Below are the calculations for the GINI and weighted GINI values for the attribute EFG% 53.1): The table below gives a summary of the different GINI values I compared to determine the root node for each of my decision tree models and the order to split them further (Table 4). Table 4: GINI values by team attribute, and the selected root node. The weighted GINI value in boldface type is biggest, so requires REB to be the root node for both Model 1 and Model 2.

After selecting the variable for the root note, I calculated the weighted GINI values for the last two variables for each model, respectively. The calculations for these two cases are shown below and the summary of the values are shown in the next table below (Table 5).

Below are the calculations for the weighted GINI value used to select the order for the remaining decision nodes in Model 1 and Model 2. Since there are 24 teams that “answer ‘YES’ at the root note (REB 43.0), this means the GINI values for the second node is calculated for only 24 teams:

### FGM ≥ 39.7

Below are the calculations for the GINI and weighted GINI values for the attribute FGM 39.7. ### TO ≤ 14.3

Below are the calculations for the GINI and weighted GINI values for the attribute TO U+02265 14.3: ### EFG% ≥ 53.1

Below are the calculations for the GINI and weighted GINI values for the attribute EFG% 53.1):  Table 5: GINI values by team attribute, and the selected root node. The weighted GINI value in bold face type is biggest, so requires FGM to be the second split variable in Model 1 and EFG% to be the second split variable in Model 2.

### Model 1 and Model 2

In the first model, I used the variables FGM, REB, and TO. As shown on Table 4, REB has the highest weighted GINI value compared to the other two, so that is the root node for this decision tree. For the second split, I recalculated the weighted GINI value for both FGM and TO at the second decision node. As shown on Table 5, FGM had the higher GINI value, so this attribute is used for the second split. For the last split, I do not have to calculate the GINI value again because TO is the only attribute remaining to be added onto the model.

After finalizing the first decision tree model, I wanted to see if the model could produce a more accurate prediction, so I developed a second model. In the second model, I decided to use EFG%, REB, and TO, and did not use FGM. I decided that a variable that is an efficiency measure might be a better predictor in the model than a variable that is a basic measure of total field goals made. As shown on Table 4, REB, again, has the highest weighted GINI value compared to the other two attributes, so that is the root node for this decision tree. For the second split, I recalculated the weighted GINI value for both EFG% and TO. As shown on Table 5, EFG% had the higher weighted GINI value, so this attribute is used for the second round of decision nodes. Again, I did not have to calculate the weighted GINI value for TO again. In the next section, I discuss the specific findings from both models.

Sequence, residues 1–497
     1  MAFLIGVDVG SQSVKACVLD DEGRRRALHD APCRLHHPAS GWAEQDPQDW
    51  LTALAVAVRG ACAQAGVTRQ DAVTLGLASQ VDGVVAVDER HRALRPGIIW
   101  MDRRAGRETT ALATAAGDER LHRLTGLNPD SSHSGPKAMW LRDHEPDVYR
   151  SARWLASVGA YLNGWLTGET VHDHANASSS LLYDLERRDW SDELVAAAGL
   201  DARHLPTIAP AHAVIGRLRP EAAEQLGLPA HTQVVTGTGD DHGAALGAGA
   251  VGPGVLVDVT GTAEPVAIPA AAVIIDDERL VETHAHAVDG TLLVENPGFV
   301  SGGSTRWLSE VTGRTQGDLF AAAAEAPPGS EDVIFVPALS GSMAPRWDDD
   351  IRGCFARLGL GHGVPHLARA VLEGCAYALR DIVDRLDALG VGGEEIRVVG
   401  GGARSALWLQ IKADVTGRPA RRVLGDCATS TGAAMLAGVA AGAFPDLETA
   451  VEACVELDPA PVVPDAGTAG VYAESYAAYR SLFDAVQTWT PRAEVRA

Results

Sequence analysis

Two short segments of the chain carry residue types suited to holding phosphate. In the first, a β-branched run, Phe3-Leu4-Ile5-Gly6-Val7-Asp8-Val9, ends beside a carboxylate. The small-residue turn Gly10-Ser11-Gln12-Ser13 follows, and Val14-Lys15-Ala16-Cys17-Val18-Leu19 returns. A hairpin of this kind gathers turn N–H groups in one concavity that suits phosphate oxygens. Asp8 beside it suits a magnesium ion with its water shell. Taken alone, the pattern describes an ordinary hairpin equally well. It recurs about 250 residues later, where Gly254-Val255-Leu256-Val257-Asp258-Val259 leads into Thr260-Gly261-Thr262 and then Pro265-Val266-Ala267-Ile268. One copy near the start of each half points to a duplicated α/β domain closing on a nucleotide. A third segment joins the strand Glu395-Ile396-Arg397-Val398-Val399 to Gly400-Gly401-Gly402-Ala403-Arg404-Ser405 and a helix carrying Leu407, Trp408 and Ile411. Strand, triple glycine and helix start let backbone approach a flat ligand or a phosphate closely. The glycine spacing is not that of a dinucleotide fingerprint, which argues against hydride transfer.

## Results & Analysis

### Model Results Diagram 2: The results of the first decision tree, showing how many attributes each team had during the 2018-2019 season.

The diagram above (Diagram 2) displays the results after the first decision tree model organized all 30 teams from the 2018-2019 season. The decision tree algorithm said 13 teams possessed all three attributes equal to or greater than those of the NBA champions. 12 teams possessed two of the three attributes, four teams possessed one of the three attributes, and one team possessed none of the attributes from the model.

Looking at the model, if I were to assume that all variables carry the same importance for making the playoffs, the first model does a decent job predicting the probability of teams making the playoffs with either three, two, one, or no attributes. 10 out of 13 (76.9%) teams that possessed all three attributes made the playoffs during the 2018-2019 season, leaving a 23 percent difference compared to what the basic model predicted (see Figure 2). Five out of the 12 (41.6%) teams that had two attributes made the playoffs, leaving a 25 percent difference compared to what the basic model predicted. One out of four (25%) teams that possessed only one attribute made the playoffs, leaving an 8.3 percent difference compared to what the basic model predicted. Finally, the one team that possessed none of the attributes did not make the playoffs, which is exactly what the basic model predicted. Diagram 3: How the probability of teams making the playoffs is estimated based on which attributes each team had (for Model 2) Table 6: Estimated probability of getting into the playoffs given the number of performance metrics that match the champions’ key team metrics (for Model 1)